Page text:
Aside from the inherent instability of using a rolling release, I might even recommend using Arch over Ubuntu for a few quick reasons:
A) When you use Ubuntu you just expect things to work and when they don't its been my experience that the documentation may not be quite up to par with other distro's because "everyone expects it to work anyway"
However, when you use Arch, you are expected to set things up on your own so the documentation is quite fantastic and problems that arise are almost always well-documented in advance.
B) Which brings me to my next point: wiki.archlinux.org. What an awesome website. They provide step-by-step instructions for doing nearly everything in Arch. If you are mature enough to read the documentation, you will be pleasantly surprised with Arch.
C) Bleeding Edge. This is a double edge sword. Because Arch is a rolling release you always get the latest and greatest updates for linux, however, unlike Debian where updates are thoroughly tested to death for compatibility, all these new updates will occasionally break things--the main reason you might want to know a little something about linux before using Arch. However, as long as you use your brain and dont update randomly and do a bit of reading before pulling the trigger on your update, you can usually find out the problems people are experiencing ahead of time and then choose to update accordingly.
D) Small and fast. Arch is blindingly fast. There isn't any bloat because you get to decide what you want, when you want, and where you want it. If you think Ubuntu is customizable, then you will have a heart-attack when you move into the Arch scene. I use Arch on my little netbook, 2gb ram, 1.66Ghz Atom and I use my netbook for everything! Generally speaking, I use less than 15% of my RAM for everyday activities--usually far less than 15%. I can program (with Eclipse), compile programs easily, view/edit all Microsoft documents (with OpenOffice, which even my wife prefers now and shes a Windows 7 user!), watch videos in HD, surf the web, basically all the general computing tasks, on my little netbook using Arch and to top it off, I can generally do those things just as fast as an average windows user whose using a computer with twice the power. (Note on Ubuntu: Ubuntu isn't nearly as small and fast, and yes, I refer even to the Ubuntu minimal install).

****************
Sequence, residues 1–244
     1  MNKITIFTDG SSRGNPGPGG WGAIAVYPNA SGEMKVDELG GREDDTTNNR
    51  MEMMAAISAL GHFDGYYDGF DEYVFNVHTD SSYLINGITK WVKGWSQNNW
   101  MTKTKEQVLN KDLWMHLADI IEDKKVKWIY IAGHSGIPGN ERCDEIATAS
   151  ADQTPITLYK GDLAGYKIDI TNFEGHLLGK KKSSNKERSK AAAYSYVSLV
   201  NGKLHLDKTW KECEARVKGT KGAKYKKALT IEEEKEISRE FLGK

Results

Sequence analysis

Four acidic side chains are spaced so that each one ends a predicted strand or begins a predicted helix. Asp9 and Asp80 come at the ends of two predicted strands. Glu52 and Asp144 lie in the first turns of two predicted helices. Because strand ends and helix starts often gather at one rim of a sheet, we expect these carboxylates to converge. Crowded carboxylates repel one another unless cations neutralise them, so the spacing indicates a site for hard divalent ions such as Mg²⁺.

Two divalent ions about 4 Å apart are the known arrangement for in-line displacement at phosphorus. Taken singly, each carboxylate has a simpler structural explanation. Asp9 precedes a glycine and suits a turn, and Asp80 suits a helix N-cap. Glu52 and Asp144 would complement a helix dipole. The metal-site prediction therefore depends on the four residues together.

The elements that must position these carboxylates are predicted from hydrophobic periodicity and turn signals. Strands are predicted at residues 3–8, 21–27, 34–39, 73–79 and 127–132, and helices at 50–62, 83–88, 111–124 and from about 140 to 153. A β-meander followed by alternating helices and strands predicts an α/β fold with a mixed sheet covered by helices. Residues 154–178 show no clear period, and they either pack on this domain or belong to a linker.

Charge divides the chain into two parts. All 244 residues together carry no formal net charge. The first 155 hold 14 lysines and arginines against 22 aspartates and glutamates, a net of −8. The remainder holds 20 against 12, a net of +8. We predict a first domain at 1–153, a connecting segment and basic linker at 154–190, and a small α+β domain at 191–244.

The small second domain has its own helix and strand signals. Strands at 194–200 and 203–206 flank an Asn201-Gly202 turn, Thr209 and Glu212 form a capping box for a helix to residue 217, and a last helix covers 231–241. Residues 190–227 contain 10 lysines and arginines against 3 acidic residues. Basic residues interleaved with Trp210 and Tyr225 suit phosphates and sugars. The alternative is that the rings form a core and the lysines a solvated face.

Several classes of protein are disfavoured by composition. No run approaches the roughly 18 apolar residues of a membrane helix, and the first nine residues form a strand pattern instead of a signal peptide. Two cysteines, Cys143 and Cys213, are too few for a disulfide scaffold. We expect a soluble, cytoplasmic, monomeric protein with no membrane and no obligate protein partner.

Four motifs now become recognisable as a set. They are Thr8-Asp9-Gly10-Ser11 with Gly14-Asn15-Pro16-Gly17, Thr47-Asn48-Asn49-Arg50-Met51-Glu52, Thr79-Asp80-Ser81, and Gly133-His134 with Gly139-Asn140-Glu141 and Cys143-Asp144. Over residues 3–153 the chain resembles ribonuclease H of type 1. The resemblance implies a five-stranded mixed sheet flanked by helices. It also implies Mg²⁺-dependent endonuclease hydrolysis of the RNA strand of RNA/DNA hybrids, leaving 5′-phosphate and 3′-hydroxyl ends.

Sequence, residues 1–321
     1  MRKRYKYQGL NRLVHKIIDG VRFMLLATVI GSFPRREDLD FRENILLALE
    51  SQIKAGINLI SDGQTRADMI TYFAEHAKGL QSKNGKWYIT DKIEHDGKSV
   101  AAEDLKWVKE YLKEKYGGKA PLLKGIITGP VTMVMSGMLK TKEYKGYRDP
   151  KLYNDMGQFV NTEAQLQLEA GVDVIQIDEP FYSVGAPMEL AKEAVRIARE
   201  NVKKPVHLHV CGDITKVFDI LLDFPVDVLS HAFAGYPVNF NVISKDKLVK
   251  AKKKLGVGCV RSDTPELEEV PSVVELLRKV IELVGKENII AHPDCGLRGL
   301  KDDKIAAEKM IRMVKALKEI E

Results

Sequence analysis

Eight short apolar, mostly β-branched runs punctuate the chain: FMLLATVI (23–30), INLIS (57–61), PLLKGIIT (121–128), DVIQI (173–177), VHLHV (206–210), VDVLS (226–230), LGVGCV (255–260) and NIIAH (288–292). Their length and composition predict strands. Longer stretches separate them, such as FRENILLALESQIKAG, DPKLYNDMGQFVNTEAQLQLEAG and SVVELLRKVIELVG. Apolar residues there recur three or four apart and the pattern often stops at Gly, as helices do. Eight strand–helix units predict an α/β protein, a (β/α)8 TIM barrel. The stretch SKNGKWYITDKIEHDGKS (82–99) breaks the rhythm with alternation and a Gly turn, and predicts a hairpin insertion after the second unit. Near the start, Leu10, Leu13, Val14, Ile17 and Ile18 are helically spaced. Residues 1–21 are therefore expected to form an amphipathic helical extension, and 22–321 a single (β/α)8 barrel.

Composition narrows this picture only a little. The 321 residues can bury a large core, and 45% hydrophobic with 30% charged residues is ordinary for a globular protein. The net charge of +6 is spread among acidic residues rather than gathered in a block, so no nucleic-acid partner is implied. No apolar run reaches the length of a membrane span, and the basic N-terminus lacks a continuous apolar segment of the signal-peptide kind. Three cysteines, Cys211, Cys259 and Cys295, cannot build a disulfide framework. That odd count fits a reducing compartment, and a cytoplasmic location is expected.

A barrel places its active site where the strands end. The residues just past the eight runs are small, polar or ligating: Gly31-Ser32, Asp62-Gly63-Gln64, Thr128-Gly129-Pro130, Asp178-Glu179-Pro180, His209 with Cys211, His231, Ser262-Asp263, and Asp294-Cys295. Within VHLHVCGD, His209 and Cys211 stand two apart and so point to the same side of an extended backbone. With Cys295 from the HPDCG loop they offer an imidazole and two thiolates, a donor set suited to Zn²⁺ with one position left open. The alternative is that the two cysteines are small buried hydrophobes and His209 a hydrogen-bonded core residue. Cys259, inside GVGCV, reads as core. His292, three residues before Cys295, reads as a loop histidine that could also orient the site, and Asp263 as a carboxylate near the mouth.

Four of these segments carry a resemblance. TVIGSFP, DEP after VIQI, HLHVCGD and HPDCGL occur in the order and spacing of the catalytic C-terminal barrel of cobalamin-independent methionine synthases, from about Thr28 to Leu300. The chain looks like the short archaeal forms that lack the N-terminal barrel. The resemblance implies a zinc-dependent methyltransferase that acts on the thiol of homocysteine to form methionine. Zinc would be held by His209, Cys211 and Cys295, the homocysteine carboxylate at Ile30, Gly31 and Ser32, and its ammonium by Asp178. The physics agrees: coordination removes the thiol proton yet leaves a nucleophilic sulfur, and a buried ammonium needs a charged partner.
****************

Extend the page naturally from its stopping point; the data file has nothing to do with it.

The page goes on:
If you have the patience and are willing to actually read a manual, then Arch Linux just might be the distro that will change your perception of Linux--especially in the netbook world its been fantastic! Just a STRONG REMINDER: to be successful in Arch it takes patience, reading (lots of reading) and dedication, but I promise you when everything finally comes together and you reach that "aha" moment, you wont want to look back.
Disclaimer: (This obviously doesn't include gaming, because, yes, we all know that there are very few software titles that are natively compatible with Linux. If there were, Windows would in a very bad place.
Edited by naval8viation - 2/7/10 at 7:30pm